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Bollywood Movie Reviews

Thuramukham, What Up, Dock?



Thuramukham(Malayalam, SonyLIV)

Rating: *** ½

For my  money and  time Nivin Pauly is  one of India’s finest contemporary actors.Admittedly  some of his recent  films have been disappointments. Nivin returns to  fuelled form in  this epic drama  on  the dignity  of labour.He is  a seething bundle  of  rage as  Moidu,  a  daily wagearner on the  harbor where  workers protest against the Chappa (token) labour allocation system practiced during the 1940s and 50s in  Cochin Kerala.

Nivin’s character  doesn’t play for sympathy at all. He has no redeeming qualities , at least none  that I could see. He is  the  son of a noble brave  man Mymoo (Joju  George in  full black-and-white glory)  who goes to  his death fighting for workers’ rights .

Mymoo’s quietly  assertive younger son Hamza(Arjun Ashokan)  seems  to have  inherited his father’s  qualities. But  elder one  Moidu is a wastrel and a drunkard. Yet his  family seems  to dote on him.

The  entire  set of above characters seem to echo Yash Chopra’s Deewaar very  closely though the  credits in Thuramukham  do not  acknowledge  Deewaar as  one of its inspirational sources there is even a fight like Deewaar where  Moidu locks himself in a  warehouse with a  villain.

  The  film claims to be  based  on a play by the film’s writer  Gopan Chidambaran’s father.I am  not of how much of the essence of his father’s play Gopan has  projected into this  film. The screenplay seems to lack a formal structure.  It weaves in and  out of  seemingly true incidents  and  eschews a cinematic structure for a more free-flowing  mix of  fact and  stagey drama.Which is  not  an  undesirable mix at  all.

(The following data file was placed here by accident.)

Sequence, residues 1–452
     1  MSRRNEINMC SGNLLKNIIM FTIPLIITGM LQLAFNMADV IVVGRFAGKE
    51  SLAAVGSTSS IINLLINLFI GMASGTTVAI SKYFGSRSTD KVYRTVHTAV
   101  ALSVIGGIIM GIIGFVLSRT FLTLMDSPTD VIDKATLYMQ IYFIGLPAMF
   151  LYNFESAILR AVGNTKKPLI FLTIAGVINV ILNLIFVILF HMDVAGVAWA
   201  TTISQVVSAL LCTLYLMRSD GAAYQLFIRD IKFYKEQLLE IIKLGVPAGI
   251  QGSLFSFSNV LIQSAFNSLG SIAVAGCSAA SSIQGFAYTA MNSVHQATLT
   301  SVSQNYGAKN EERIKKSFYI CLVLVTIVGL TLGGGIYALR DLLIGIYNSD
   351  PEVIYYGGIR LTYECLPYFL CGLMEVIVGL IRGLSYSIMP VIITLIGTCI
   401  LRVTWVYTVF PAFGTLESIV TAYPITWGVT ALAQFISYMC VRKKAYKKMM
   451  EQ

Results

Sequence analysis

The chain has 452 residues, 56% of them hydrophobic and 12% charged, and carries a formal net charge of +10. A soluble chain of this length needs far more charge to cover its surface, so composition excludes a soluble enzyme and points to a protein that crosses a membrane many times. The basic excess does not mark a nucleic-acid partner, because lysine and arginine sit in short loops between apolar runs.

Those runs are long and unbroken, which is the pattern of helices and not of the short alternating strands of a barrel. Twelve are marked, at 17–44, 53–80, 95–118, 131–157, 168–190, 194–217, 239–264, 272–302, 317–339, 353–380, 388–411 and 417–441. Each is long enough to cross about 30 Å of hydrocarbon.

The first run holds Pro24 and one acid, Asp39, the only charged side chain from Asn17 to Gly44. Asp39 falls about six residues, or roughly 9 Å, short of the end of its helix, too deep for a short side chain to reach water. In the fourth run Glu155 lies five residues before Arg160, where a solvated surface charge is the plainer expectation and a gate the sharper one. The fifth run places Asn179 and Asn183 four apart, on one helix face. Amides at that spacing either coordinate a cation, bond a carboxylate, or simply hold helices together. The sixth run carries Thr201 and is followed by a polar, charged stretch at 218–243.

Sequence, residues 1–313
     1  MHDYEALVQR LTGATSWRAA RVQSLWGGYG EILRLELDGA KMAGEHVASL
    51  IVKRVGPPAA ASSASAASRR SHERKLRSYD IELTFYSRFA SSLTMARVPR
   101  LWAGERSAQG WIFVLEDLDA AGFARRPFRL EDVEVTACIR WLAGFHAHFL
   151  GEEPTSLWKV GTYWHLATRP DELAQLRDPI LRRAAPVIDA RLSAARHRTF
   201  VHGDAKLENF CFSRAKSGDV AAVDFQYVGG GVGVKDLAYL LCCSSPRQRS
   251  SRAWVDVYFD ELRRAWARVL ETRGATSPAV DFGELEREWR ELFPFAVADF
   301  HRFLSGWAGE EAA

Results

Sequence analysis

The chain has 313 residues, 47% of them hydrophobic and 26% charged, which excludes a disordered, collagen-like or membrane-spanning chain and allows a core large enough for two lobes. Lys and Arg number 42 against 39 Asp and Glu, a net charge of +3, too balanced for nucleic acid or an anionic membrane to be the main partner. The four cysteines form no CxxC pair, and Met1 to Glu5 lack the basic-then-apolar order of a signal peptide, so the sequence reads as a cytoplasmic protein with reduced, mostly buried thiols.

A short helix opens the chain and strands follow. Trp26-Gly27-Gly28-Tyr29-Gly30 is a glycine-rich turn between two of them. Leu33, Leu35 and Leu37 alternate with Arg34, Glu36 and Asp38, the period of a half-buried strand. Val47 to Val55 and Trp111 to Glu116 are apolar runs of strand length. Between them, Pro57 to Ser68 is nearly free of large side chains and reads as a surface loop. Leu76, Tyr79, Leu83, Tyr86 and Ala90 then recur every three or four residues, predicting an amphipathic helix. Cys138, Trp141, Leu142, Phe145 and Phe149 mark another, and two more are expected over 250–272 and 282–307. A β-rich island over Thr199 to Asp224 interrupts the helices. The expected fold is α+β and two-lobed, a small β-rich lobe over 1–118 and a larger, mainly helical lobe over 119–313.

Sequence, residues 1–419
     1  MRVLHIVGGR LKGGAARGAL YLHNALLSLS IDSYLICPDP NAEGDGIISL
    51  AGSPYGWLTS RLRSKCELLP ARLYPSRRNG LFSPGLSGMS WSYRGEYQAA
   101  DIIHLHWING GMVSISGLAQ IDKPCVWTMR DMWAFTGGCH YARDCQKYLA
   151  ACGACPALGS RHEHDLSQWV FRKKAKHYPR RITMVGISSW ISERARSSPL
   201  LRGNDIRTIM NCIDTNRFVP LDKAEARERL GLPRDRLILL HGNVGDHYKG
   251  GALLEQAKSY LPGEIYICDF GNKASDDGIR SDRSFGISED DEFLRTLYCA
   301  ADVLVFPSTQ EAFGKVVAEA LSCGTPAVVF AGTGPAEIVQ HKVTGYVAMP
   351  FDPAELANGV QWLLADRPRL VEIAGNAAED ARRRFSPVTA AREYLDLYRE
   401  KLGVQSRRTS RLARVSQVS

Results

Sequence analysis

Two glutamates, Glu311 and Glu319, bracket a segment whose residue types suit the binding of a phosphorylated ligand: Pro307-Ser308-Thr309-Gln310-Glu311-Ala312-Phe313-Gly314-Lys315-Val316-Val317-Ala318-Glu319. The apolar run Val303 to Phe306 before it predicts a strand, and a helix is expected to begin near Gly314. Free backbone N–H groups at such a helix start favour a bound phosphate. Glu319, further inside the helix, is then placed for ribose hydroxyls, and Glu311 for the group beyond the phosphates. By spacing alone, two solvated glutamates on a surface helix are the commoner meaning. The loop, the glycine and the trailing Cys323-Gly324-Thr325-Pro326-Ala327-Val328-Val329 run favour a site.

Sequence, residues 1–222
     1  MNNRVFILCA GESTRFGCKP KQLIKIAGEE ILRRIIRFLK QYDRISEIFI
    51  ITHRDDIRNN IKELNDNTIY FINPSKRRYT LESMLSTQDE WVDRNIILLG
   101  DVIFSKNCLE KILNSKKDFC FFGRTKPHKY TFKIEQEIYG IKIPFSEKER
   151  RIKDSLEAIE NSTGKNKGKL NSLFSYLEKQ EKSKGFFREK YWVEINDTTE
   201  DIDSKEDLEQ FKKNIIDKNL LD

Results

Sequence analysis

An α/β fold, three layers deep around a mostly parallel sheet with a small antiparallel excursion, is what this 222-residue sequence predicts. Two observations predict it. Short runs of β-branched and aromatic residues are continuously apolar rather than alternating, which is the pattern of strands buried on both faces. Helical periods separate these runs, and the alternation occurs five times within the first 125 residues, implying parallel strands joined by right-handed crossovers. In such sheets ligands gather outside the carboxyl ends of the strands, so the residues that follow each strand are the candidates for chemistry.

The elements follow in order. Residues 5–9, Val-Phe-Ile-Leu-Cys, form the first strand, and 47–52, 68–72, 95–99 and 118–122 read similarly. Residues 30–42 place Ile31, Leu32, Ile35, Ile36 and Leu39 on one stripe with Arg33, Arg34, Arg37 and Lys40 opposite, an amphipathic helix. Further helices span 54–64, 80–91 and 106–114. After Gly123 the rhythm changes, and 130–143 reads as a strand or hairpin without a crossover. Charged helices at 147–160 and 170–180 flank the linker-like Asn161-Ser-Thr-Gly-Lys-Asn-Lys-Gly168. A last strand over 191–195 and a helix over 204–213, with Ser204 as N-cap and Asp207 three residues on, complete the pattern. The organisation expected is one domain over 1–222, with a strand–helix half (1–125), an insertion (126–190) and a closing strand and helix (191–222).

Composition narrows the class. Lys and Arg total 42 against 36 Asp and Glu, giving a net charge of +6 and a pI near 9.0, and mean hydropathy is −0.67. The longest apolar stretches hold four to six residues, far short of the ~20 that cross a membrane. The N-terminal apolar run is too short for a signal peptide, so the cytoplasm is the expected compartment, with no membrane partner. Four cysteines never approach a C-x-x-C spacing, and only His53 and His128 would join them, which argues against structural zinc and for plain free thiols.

Director Rajeev Ravi whose earlier work  Annayum Rasoolum (and not so much his other directorialsI’ve liked immensely , breathes life into the violence that rocked this part of the world in a specific  period  of time. I didn’t see the  characters suggesting their  periodicity in clothes or speech, which is actually a good thing, as the external trappings usually get in the way  of the storytelling in period  films .

 Not this one. Tharamukham affords powerful visuals that  stay with us  long after  the film. For sure, Rajeev Ravi is a better  cinematographer than a  director. As a storyteller he fumbles over his characters while giving them finishing touches. The suddenness with which  Nivin  Pauly’s character  Moidu drops out of the screenplay, or his unfinished relationship with Umani(Nimisha Sajayan) whom he loves but, as in other aspects of his life, Moidu couldn’t  commit to, indicate the vision  of a restless storyteller who doesn’t allow his audience to get close to any of his ravaged  ravenous characters.

 This film is  a storehouse  of  killed  unostentatious acting. While the men are  violent and vulnerable at the same time, it is the women who  hold our attention. Nimisha Sajayan as a homeless woman seeking some permanence,and Poornima  Indrajit as Moidu and Hamza’s mother hardly speak. They don’t need to.

The film is leaden with sloganeering. With a  temperate  vision of  social  inequality  and oppression, Thuramukham could have  gone  that extra mile. As  things stand,this film seems tragically stranded between an achieved excellence and  a purported greatness.

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